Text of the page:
Americans with Disabilities Act includes housing for the deaf community; Country Boom welcomes ASL interpreters for the first time
WEST SALEM, Wis. (WKBT) – People’s the ears allow them to understand and communicate, but for some, their sight provides what their hearing does not allow them. A country music festival allowed people to share music with the deaf community. JThese services not only help people enjoy life, but they are also required by law.
Seeing is listening
Images and sounds help people understand the world around them. Another perspective rests on those who must overcome what they have lost.
“Our hearing is our eyes,” said Theresa Lewis, who has lived in La Crosse all her life.
“If you’ve ever been underwater, that’s how we feel,” said Mike Lewis, Theresa’s husband.
Mike and Theresa Lewis listen with their eyes. In fifth grade, Mike suffered from pneumonia which produced a fever so high it cost him most of his hearing.
“But that didn’t stop me,” Mike Lewis said.
Mike and Theresa’s passion might surprise you.
“Music relaxes people, and for me, I grew up with music,” he said.
Obviously, they absorb melodies and lyrics differently than others, but deaf ears can’t stop the rhythm of a track from touching their soul.
“We even threw music in the car while we were driving, to the point where hearing people couldn’t stand it,” Mike Lewis said.
The loss of one meaning, Theresa says, reinforces another.
“I can feel the rhythm. If it’s really loud, the louder the better,” said Theresa Lewis. “This vibration, its movement. It’s wonderful for me.
Mike and Theresa wanted to tap into their love of country music at Country Boom in West Salem.
“I emailed them and they turned me down,” Theresa Lewis said.
The couple asked Country Boom executives to provide a performer at the music festival. Something Colleen Cudo does for people every day.
“It’s equal access,” Cudo said. “That’s what it takes.”
Cudo helps the deaf community understand medical information from the Mayo Clinic Health System. She also performs music for the deaf community and has done so at music festivals throughout the region.
The Americans with Disabilities Act protects people with physical and mental barriers in public places and events. Title III requires public places and events to provide auxiliary aids to people who cannot hear.
§ 36.303 Auxiliary aids and services.
(a general. Public accommodation must take
the measures that may be necessary to ensure that
no disabled person is excluded, denied
servicesisolated or otherwise treated differently from other people because of the absence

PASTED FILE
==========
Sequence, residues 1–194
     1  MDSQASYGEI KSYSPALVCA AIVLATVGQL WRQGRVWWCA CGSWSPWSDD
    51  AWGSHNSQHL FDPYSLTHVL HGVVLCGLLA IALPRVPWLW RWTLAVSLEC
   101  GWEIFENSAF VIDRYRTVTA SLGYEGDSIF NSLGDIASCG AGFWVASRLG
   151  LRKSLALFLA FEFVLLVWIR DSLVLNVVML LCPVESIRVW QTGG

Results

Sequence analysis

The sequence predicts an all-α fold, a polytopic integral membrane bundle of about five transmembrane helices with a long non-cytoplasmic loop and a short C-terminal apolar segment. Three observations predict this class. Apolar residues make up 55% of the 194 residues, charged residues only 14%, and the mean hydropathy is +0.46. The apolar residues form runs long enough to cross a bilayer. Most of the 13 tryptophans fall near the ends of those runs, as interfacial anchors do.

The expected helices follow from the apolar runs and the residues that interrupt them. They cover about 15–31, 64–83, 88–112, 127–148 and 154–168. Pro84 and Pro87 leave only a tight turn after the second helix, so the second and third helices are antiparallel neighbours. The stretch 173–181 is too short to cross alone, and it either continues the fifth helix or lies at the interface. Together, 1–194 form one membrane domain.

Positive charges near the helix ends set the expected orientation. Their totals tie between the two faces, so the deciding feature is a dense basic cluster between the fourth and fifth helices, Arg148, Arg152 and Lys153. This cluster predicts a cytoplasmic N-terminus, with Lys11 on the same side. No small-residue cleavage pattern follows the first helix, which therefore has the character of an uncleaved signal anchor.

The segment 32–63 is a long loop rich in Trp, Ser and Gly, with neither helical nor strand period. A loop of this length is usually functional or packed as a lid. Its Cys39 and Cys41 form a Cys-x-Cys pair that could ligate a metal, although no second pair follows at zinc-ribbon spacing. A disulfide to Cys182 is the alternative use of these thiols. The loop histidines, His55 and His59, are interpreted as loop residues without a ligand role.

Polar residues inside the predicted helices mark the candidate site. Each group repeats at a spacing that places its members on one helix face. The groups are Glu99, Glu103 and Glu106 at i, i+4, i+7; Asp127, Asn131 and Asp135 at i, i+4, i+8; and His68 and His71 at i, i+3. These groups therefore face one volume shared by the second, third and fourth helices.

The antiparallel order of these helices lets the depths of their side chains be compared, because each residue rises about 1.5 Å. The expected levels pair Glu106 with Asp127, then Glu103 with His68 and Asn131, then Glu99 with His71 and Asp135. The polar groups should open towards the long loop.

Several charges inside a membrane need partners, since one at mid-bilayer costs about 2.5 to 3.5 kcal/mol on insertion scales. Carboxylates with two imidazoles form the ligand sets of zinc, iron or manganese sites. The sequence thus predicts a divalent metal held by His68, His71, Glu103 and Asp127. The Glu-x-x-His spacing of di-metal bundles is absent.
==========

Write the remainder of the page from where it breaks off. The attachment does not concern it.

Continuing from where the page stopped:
auxiliary aids and services, unless the public
the accommodation can demonstrate that taking these
measures would fundamentally change the nature of the
goods, services, facilities, privileges, advantages,
or accommodations offered or would result
in excessive demand, i.e. significant difficulty or
(b) Examples. The term “auxiliary aids and services” includes –
(1) Qualified interpreters on site or by
remote video interpretation services (VRI); note takers; real-time computer-assisted transcription
services; written documents
civil rights attorney for Disability Rights Wisconsin, Steven Wheeler said people must first request these services.
“If someone asks and they say no, that’s different,” Wheeler said. “It’s a refusal to accommodate.”
Exceptions to the rule exist if the change creates a health or safety risk – hosting would fundamentally change the nature of the service – or if there is an unreasonable cost.
“Really if it’s not doable,” Wheeler said. “Not just if it’s going to drive down profit margins.”
The emails show Theresa and Mike have requested this service from Country Boom on several occasions since 2019. Country Boom staff have denied their request each time.
“It’s hard to imagine a situation where a company couldn’t afford the small amount of money for the interpreter.
“I think that would be a clear violation,” Wheeler said.
“We have ramps, don’t we – so people in wheelchairs can get down there and enjoy it,” Cudo said. “So why don’t we provide the interpreter for those who can’t hear it?”
After News 8 Now reached out to Country Boom’s senior management, co-founder Jon Holthaus said they would be hosting this year.
“We love music and we want to enjoy it with everyone,” said Theresa Lewis.
Cudo highlighted the joy a move like this brings.
“We love it,” Mike Lewis said.
“Whether it’s going to the grocery store or going to a concert, it’s all part of our lives,” Wheeler said. “Living a life full of joy is something that should be available to everyone; not just people who can hear.
Evidence of its impact was left in the form of a smile on Mike and Theresa’s face at Country Boom 2022. Their world may seem so calm, but it screams of possibility when the community welcomes them as they are.
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